The “Project for A New American Century” (PNAC) was a neoconservative think tank co-founded in 1997 by Robert Kagan and William Kristol. In February 1998, PNAC members produced an open letter to President Clinton advocating regime change in Iraq due to Saddam Hussein’s persistent non-compliance with U.N. mandates. In October 1998, Congress passed the “Iraq Liberation Act” stating that “it should be the policy of the United States to support efforts to remove the regime headed by Saddam Hussein from power in Iraq.” President Clinton signed the bill and two months later pulled weapons inspectors out of Iraq and initiated a 4-day bombing campaign. But without public support, that is as far as Iraqi “liberation” got — until the 9/11/2001 attack on the U.S. provided an opportunity.

Deputy Secretary of Defense and PNAC member Paul Wolfowitz advocated using the 9/11 attack as an excuse to invade Iraq, and President Bush enthusiastically agreed. PNAC member Richard Perle, Wolfowitz, and others hit the Sunday morning news shows promoting an invasion, which Congress effectively green-lighted in October 2002.

And so the blame for the Iraq invasion was placed on Bush and the neocons. But before there was a PNAC, there was the Democratic Leadership Council (DLC). The DLC, founded in 1985 (and chaired by Bill Clinton from 1990-1991) also endorsed the invasion of Iraq after 9/11, and supported many Bush policies. In fact, much of the DLC philosophy is no different from the PNAC neocons’.

As senator, Hillary Clinton was a prominent DLC member. She and other congressional DLC members gave Bush the authority to invade Iraq. They did not do it because they were “fooled,” and it’s no surprise that the Bushes, Kagan, Perle, and Wolfowitz favor Clinton over Trump or Johnson in the 2016 election.

Neocons and neolibs are unapologetic corporatists. Clinton has not raised more than $500 million in political donations by favoring “plain folk.” She travels on a Boeing 737 jetliner with a custom paint job. She netted more than $3 million in one day’s fundraising at the Martha’s Vineyard estates of Lady de Rothschild and former Universal Studios CEO Frank Biondi, events that were interspersed with a 20-mile flight to a fundraiser at the Nantucket Island estate of the former Portugese ambassador.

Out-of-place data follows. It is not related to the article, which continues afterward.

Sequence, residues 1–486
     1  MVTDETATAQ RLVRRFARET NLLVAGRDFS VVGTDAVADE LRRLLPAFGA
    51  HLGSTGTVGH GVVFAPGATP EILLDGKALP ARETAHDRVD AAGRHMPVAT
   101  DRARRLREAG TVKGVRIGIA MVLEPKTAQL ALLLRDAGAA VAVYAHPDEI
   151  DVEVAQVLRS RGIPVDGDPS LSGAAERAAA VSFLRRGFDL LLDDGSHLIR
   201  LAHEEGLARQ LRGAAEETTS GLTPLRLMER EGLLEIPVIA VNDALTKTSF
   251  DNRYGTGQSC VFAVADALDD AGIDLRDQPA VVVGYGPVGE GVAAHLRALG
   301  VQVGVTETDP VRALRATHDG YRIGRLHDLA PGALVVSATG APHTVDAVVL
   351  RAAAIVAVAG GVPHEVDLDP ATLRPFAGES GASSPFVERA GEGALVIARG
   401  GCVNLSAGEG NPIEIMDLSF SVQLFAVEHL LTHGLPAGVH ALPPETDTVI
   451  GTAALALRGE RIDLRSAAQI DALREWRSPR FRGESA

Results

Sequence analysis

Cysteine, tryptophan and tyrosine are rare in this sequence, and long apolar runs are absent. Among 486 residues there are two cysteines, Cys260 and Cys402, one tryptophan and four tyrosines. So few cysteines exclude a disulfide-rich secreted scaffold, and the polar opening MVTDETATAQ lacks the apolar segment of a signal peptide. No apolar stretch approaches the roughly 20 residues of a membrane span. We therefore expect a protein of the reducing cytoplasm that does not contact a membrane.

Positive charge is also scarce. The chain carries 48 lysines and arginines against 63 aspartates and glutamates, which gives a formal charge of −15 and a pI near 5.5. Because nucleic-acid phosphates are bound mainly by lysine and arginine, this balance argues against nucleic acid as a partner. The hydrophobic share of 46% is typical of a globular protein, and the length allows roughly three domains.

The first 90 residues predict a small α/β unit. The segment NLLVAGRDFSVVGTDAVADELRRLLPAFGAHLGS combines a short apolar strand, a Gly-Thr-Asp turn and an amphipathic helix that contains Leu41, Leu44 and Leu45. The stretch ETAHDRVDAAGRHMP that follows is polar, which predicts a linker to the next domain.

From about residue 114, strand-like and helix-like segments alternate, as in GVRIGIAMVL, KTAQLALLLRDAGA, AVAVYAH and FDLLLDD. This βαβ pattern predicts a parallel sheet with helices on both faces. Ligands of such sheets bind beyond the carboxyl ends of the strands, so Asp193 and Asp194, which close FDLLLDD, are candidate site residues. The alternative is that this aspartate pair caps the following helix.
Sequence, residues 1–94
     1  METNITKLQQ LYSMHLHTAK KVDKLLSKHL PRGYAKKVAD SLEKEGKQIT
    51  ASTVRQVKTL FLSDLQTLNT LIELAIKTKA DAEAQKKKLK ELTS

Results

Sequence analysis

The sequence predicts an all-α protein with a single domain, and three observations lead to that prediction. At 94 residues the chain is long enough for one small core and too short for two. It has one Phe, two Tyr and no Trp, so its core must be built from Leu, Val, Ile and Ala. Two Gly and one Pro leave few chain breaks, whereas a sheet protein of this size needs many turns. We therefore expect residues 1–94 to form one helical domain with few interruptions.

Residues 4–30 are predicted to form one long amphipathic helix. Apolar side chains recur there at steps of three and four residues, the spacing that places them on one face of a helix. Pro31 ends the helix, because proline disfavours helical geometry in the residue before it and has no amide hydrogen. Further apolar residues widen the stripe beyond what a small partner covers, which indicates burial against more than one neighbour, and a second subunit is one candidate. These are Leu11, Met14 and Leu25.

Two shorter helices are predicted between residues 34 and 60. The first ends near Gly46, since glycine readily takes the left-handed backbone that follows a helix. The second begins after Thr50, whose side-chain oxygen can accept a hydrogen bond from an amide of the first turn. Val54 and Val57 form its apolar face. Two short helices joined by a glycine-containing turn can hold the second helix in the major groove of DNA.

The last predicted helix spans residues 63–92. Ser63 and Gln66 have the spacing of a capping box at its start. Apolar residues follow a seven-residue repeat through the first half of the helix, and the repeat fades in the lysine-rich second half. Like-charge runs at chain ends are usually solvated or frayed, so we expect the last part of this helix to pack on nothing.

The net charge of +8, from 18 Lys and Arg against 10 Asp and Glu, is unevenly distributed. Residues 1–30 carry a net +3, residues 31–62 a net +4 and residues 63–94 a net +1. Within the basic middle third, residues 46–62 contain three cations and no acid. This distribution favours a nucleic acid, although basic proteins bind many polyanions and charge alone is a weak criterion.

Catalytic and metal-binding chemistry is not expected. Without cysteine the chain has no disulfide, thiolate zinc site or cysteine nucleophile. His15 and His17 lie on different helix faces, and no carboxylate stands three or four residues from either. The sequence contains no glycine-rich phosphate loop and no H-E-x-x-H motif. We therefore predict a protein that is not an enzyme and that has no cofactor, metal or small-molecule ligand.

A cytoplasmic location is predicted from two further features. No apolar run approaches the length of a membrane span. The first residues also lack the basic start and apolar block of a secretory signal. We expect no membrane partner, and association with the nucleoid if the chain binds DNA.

The global elite are buying what those at the top always crave: the status quo. Clinton will not rock the boat that keeps her afloat. Promises she will give us stuff at the expense of those she represents are as empty as “hope and change” and “compassionate conservatism.”

There is, however, one campaign pledge that could come to fruition: the costly escalation of the government’s war on climate.

The Democratic Party platform promises to “streamline federal permitting to accelerate the construction of new transmission lines to get low-cost renewable energy to market, and incentivize wind, solar, and other renewable energy over the development of new natural gas power plants.” It promises to globally address the “climate crisis…on a scale not seen since World War II.”

Which brings us to the Verde River.

Investments in two proposed energy projects in the Upper Verde Watershed depend on federal subsidies. NextEra Energy has proposed the largest wind farm in Arizona on leased Yavapai Ranch land. Longview Energy Exchange has proposed a $4 billion pumped storage plant over the Big Chino Aquifer. The wind farm has yet to be added to the Yavapai Ranch development plan submitted to the county. The pumped storage plant’s preliminary permit was extended by Federal Energy Regulatory Commission until April 2017.

Given sufficient tax credits, taxpayer guaranteed loans, and government-mandated pricing to ensure investor profits, these two projects could help justify each other’s construction, forcing taxpayers and ratepayers to foot the bill for inefficient storage of inefficiently produced electricity. After an immediate pump out of 17,500 acre-feet of water to fill the storage reservoirs, evaporative water losses would require additional pumping, especially when aquifer recharge would be at a minimum. It’s hard to imagine how this would not reduce outflow from the aquifer into the already depleted Upper Verde.

Bad as that sounds, it could be even worse.

Back in 2008, Texas billionaire T. Boone Pickens proposed using eminent domain to open a corridor for transmission lines from the panhandle to Dallas, where he could sell electricity generated by his tax-subsidized wind farms. He also wanted that corridor for a more profitable business. Once the corridor was open, pipe could be laid to sell water pumped from the Ogallala aquifer under Pickens’ property. Public outcry put an end to that project, and Pickens wound up selling his water rights to local governments and quitting the wind power business.

The so-called “Pickens Plan” can be imagined here. NextEra builds the wind farm, Longview builds the pumped storage plant. One transmission line connects the two projects, another connects Longview to APS’s 230KV line at Willow Lake. The right-of-way to Willow Lake could then be used to pipe Prescott’s water allotment from the Big Chino.

Bye bye, Upper Verde.